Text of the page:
7 Common Causes of Leg Cramps

Most people experience leg cramps at some point in their life. From the occasional aching sensation to recurring pangs, people cope with leg cramps—also known as “charley horses” or muscle spasms—to varying degrees.

Cramps are involuntary contractions that occur in the muscles for anywhere from a few seconds to minutes on end (or even longer periods in some cases). Mild or severe, the onset of cramping is typically sudden; it may begin during intense exercise or at rest, in bed at night or after hours of being seated at your desk.

However, just because leg cramps can begin suddenly doesn’t mean they come out of nowhere. Muscle spasms in the calves, hamstrings, and thighs result from a number of common causes, many of which can be addressed simply by being aware of what might trigger them. These are some of the main causes of leg cramps:

  1. Dehydration
    • Fluids hydrate the muscles, allowing them to contract and relax with ease. As such, dehydration is a common cause of cramping in the legs. The idea is that when you aren’t sufficiently hydrated, your muscles may stop functioning optimally and start to spasm.
    • Is it possible you aren’t drinking enough water? This could be the reason for the spasms in your leg muscles. According to the Mayo Clinic, individual hydration requirements depend on the person’s diet, gender, age, activity level, climate, and overall health status (including any medications they might take).1
  1. Sleep deprivation
    • Not getting enough sleep is another possible reason for leg cramps. Nocturnal leg cramping in particular, which affects up to 60% of adults, is linked to muscle fatigue and nerve dysfunction—both of which are known to worsen without enough sleep.2 And since sleep is linked to a threshold for pain, the cramping you experience when sleep-deprived may be especially grueling.2
    • Lack of sleep may also cause you to make cramp-inducing decisions you wouldn’t otherwise make. For instance, some people forget to drink enough water when they are coping with fatigue, which can cause cramping via dehydration. Others aren’t as careful when they exercise; they run the risk of overworking the muscles and grappling with exercise-associated muscle cramps.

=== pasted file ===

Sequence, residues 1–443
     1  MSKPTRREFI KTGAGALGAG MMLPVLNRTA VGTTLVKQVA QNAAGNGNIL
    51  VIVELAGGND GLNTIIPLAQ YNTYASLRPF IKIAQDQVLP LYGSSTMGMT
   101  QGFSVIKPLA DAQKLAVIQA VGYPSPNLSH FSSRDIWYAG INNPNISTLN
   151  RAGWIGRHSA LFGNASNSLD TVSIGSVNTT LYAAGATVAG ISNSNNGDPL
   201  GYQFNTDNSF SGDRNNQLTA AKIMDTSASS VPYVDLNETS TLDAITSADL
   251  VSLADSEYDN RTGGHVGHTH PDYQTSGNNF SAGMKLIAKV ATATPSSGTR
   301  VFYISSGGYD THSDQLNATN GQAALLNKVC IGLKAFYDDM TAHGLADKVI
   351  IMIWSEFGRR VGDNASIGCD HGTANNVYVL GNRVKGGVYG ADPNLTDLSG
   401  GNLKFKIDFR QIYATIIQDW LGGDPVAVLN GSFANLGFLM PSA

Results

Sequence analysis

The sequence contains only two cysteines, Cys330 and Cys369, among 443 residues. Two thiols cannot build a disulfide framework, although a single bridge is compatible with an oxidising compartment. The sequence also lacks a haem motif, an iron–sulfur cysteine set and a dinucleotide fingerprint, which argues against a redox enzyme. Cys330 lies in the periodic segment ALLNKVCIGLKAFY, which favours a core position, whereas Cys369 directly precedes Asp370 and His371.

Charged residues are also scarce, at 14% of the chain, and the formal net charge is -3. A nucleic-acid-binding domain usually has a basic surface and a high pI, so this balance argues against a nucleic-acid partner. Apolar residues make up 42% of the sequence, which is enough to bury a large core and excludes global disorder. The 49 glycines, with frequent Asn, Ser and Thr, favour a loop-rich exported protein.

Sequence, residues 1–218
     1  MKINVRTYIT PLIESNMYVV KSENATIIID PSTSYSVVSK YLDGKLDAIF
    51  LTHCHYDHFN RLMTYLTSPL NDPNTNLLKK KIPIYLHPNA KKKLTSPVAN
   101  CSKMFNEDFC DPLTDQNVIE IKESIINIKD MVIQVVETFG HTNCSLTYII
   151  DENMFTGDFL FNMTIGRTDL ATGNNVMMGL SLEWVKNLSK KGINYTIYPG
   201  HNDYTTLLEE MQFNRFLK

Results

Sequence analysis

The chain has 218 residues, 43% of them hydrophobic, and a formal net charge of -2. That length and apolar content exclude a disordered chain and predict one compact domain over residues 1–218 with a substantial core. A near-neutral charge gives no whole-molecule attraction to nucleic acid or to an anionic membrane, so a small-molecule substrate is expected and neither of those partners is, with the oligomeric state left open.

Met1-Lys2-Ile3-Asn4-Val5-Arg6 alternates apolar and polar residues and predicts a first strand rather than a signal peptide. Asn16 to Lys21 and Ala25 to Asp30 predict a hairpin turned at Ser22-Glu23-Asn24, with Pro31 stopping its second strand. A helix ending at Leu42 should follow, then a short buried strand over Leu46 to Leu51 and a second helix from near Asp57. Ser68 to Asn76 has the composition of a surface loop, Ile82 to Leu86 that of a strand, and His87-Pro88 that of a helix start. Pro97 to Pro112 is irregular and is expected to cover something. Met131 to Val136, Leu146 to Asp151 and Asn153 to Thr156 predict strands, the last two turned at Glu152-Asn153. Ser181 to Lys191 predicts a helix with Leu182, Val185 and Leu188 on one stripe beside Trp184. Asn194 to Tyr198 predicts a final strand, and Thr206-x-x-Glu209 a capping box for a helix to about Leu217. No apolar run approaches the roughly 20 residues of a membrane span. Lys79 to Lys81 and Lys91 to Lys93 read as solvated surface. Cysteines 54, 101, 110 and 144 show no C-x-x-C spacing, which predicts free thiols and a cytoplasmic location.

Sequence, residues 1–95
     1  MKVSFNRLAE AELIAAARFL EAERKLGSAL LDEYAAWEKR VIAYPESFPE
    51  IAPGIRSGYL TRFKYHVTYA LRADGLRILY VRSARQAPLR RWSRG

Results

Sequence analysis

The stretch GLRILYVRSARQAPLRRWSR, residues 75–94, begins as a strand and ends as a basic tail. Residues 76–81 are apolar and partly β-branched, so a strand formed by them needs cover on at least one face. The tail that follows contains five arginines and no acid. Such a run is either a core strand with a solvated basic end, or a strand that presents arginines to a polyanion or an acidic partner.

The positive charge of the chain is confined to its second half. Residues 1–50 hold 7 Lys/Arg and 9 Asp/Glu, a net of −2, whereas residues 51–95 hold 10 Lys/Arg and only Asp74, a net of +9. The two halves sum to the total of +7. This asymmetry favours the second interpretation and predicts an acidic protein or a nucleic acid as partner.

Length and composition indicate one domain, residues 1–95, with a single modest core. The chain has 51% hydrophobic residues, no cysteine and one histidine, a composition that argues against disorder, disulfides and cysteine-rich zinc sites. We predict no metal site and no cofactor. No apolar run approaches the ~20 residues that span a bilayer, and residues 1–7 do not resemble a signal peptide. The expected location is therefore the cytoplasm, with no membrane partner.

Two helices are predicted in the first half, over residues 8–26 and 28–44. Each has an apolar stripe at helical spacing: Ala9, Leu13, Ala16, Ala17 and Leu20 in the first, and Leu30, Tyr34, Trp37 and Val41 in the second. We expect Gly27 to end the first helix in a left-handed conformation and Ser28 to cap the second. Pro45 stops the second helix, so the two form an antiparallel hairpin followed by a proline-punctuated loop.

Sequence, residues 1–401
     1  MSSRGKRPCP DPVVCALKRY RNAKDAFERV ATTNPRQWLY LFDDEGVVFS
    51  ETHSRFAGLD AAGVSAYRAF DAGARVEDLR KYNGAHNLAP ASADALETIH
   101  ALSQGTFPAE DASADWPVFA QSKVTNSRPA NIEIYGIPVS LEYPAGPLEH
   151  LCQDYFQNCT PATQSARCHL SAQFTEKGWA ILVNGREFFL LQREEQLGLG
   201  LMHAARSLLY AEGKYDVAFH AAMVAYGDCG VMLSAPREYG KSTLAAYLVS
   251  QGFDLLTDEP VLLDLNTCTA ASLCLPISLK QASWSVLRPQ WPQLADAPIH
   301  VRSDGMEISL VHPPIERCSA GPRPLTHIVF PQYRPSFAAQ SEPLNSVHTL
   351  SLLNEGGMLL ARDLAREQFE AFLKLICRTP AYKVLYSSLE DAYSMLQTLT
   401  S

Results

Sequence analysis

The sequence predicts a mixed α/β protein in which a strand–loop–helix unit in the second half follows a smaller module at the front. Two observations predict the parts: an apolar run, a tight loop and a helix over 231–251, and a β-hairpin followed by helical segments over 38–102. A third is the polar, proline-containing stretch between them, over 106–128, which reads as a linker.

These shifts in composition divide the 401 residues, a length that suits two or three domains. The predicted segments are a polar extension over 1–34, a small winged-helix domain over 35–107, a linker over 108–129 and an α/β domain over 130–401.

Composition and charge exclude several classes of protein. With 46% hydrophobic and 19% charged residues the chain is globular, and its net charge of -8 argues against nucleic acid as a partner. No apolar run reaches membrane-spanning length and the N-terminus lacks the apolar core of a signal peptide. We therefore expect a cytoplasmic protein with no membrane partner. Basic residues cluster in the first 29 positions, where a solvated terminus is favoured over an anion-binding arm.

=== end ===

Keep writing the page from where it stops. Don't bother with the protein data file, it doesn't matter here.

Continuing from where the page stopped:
1. Mineral depletion & electrolyte imbalance
    • US government health resource MedlinePlus indicates that mineral depletion and electrolyte imbalance can lead to leg cramping.3 Minerals like magnesium and potassium dissolve in water to form electrolytes that ensure muscles are working correctly; electrolyte imbalance via mineral depletion can trigger cramping.
    • So if you aren’t consuming sodium-rich foods or sports drinks after intense exercise, or incorporating enough potassium, calcium, and magnesium into your overall diet (by way of fruits, vegetables, nuts, dairy, whole grains, and other options), then you may risk experiencing leg cramps.
  1. Intense exercise & overexertion
    • Research has linked leg cramps to vigorous exercise, even among the fittest athletes.4 These cramps, however, are divided into two camps. The first is linked to sodium deficit—a form of electrolyte imbalance, as described above—after extensive sweating. The second camp involves overexertion, as a lack of recovery after intense exercise can overwork the muscle fibers and cause spasms.
    • Addressing the first camp should be clear: Add more sodium to your diet, and after intense exercise, replenish your electrolytes. To reduce cramping from overexertion, stretch frequently and modify the intensity of your exercise regimen. In addition, you may want to take a rest day from time to time and avoid ramping up your workouts too drastically in a short period.
  1. Prolonged sitting or standing
    • Our muscles were made to move, recover, and move again. If you spend eight hours seated at your desk each day, or if you run errands that involve standing in line for hours on end, you could be more susceptible to leg cramps than others. A lack of movement is the culprit here, so be conscious of the amount of time you spend sitting or standing.